220 volt 3-wire vs. 4-wire

I have a 220-volt electric dryer with 3-prong plug going into a 3-prong receptaclet (2 blades on a 'V', and third L-shaped prong). Do newer electric dryers have a 4-wire plug with a ground? Would I have to replace the 20-year-old 3-prong receptacle? Just technically speaking, could the ground prong on the male plug be cut off to fit the old outlet (similar to what people of done for years on 110-volt stuff). Or is the wiring for 4-wire 220 volt completely different because of 2 hot wires, neutral, ground, etc.?
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The NEC allows you to use an existing three wire electric dryer feed and receptacle. Typically, dryers don't come with cord sets, so you specify the one you need for your outlet. Any new installations require a four wire feeder and receptacle. If, you do have a four wire feeder, it would be sensible to install a four wire outlet on it, then get the appropriate cord set with the new dryer

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Dryers don't come with cords. Just use your old cord on the new dryer and go. You'll have to be sure the grounding jumper is in place on the new dryer like it is on your old one.
s

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Canadians reading this should note differences that in Canada, dryers and non-built in stoves have all come with 4 prong cords for the past 35 years. Code requires receptacles that are fed by what is labeled a "3 wire plus ground" cable. It is not Code compliant to connect the neutral and ground together in the appliance.

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I will add that i think 3 wire is a bad idea, with a bad day it could be a real hazard....
buy a new dryer? then get a new cord and updated outlet
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Problem is - Many older houses are not wired for the updated outlet. If you don't have the proper wiring at the outlet (2 hots - Neutral -Ground), you are not allowed to install the 4 wire code-compliant outlet (vs. the old 3 wire outlet). Hence the grandfather clause...
For many older houses - installing new dryer wiring would be difficult (expensive) and involve pulling new wires and possibly ripping up walls.
The NEC allowed the 3 wire exception to save on copper during WWII. Then, one or two people got electrocuted by their dryers and they decided to go back to 4 wire some years ago.
Apparently Canada never did this. Anyone know for sure?
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On May 11, 2:05�pm, snipped-for-privacy@notreal.none (Beachcomber) wrote:

for safety its likely worth the effort.
just look at all the other updates required today, GFCI, arc fault, getting rid of K&T to obtain insurance, replacing fuse boxes, etc etc. wonder why the dryer exception has survived?
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On Sun, 11 May 2008 14:38:50 -0700 (PDT), " snipped-for-privacy@aol.com"

Not much of a body count to justify changing it.
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On Sun, 11 May 2008 17:48:32 -0400, snipped-for-privacy@aol.com wrote:

Beautifully put. :D
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While it is a good idea, houses and people survived for many years without all the safety equipment.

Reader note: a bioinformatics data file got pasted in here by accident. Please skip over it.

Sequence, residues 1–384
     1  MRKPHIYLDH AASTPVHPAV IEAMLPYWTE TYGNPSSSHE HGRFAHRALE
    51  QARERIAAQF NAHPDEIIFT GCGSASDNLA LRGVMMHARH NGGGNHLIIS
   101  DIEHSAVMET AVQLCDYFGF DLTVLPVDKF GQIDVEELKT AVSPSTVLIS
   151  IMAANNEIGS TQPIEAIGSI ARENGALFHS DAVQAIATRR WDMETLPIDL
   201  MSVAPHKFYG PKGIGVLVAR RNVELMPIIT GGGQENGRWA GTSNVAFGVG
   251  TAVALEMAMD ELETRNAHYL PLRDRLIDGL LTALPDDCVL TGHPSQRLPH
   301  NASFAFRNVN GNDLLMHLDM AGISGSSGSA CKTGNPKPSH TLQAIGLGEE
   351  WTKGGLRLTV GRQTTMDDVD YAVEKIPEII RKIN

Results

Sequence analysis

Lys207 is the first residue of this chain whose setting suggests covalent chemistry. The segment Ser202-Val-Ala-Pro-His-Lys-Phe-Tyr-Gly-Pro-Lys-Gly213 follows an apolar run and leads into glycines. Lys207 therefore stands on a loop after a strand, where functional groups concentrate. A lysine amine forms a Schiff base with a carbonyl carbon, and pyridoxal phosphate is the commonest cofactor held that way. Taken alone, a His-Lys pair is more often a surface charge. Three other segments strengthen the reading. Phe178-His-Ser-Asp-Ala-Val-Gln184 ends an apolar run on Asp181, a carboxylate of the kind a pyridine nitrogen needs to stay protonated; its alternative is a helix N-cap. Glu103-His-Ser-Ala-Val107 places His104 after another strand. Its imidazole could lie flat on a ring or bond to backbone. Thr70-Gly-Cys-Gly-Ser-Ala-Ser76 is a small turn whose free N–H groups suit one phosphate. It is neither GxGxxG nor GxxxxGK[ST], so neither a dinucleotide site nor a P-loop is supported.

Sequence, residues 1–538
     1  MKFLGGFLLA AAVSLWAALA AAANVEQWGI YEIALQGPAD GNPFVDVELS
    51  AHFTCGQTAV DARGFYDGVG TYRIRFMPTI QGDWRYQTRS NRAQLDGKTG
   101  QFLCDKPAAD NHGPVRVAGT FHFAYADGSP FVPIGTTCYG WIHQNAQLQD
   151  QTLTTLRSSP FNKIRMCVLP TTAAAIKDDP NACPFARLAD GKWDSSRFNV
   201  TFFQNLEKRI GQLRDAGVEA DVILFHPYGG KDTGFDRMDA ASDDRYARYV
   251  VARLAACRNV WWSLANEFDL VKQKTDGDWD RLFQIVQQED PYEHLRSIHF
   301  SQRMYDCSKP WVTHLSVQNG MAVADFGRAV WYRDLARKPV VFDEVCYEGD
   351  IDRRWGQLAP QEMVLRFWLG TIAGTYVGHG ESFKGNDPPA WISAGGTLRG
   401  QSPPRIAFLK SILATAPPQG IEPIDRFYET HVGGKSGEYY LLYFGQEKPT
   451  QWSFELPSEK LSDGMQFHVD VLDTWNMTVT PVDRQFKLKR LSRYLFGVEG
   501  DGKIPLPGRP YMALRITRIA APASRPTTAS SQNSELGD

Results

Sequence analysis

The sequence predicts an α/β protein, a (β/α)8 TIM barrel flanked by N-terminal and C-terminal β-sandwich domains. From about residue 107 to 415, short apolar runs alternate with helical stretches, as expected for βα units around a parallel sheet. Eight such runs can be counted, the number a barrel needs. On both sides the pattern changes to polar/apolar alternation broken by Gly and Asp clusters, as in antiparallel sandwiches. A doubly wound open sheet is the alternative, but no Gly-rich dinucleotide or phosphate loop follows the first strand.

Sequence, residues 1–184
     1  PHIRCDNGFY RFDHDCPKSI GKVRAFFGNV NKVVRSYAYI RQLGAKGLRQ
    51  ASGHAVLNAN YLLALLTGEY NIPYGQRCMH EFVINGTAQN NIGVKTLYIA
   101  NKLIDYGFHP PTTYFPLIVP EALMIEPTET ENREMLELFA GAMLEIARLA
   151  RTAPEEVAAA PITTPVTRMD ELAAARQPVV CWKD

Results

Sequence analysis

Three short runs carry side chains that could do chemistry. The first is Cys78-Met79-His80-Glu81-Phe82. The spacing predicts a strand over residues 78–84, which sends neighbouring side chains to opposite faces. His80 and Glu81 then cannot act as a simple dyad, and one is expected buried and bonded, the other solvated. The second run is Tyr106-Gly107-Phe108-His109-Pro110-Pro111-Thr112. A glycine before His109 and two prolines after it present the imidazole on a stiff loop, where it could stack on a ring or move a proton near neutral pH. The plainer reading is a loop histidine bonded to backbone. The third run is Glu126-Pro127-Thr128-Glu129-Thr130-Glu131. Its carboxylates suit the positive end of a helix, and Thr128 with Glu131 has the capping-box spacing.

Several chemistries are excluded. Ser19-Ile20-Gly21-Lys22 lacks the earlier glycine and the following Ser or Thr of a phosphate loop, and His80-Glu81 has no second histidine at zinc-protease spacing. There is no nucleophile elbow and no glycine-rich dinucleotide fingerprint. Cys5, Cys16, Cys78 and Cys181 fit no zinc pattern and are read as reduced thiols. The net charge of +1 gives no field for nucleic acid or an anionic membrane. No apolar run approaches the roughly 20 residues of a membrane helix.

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if the grounding jumper is properly in place, then it's just as safe as a 4 wire. IF in fact anyone was actually shocked by a dryer, then it was a dufus installation problem, not a # of wires problem.
steve

for safety its likely worth the effort.
just look at all the other updates required today, GFCI, arc fault, getting rid of K&T to obtain insurance, replacing fuse boxes, etc etc.
wonder why the dryer exception has survived?
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On Sun, 11 May 2008 18:16:08 -0500, "S. Barker"

Safe is a relative term. The safest installation would be to have the neutral separate from the grounded frame of the dryer, especially since in the US, dryers have 120 V. motors and thus there is always neutral current flowing when the appliance is operating.
The exception was apparently allowed because it is extremely rare for the neutral to become disconnected, which could potentially energize the frame of the dryer to 120 V. Most dryers are installed next to a washing maching, which is more-than-likely to be properly grounded. Thus you would have a possible shock hazard.
But, as mentioned before, most owners of older homes are not going to want to spend the money to rewire the dryer circuit for something that has basically worked fine for 10-40 years, if the 3-wire dryer plug option is allowed.
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This is NOT true.
The three wire system, even when properly installed to code is dangerous becasue an OPEN circuit (which can happen) in the 3rd ground/ neutral wire) can end up energizing the metal chassis of the dryer through the 120 volt clock motor or other 120 volt parts in the dryer. If someone then touches say the properly grounded washing machine and the dryer at the same time, they could get a dangerous shock.
That being said, I have a three wire install in my house and it can be made safe with the simple addition of an axtra ground wire connected from the case of the dreyer to a good ground such as a nearby water pipe. I have a ground wire connected between the dreyer and the washer, therefore there can be no voltage across them.
Yes three wire system were code and can be grandfathered to code, but they can still be dangerous and I would add the extra ground wire to be safe. Rewiring for a full 4 prong plug can be expensive if a new cable has to be pulled. Adding an external ground wire is cheap and easy and effective.
Mark
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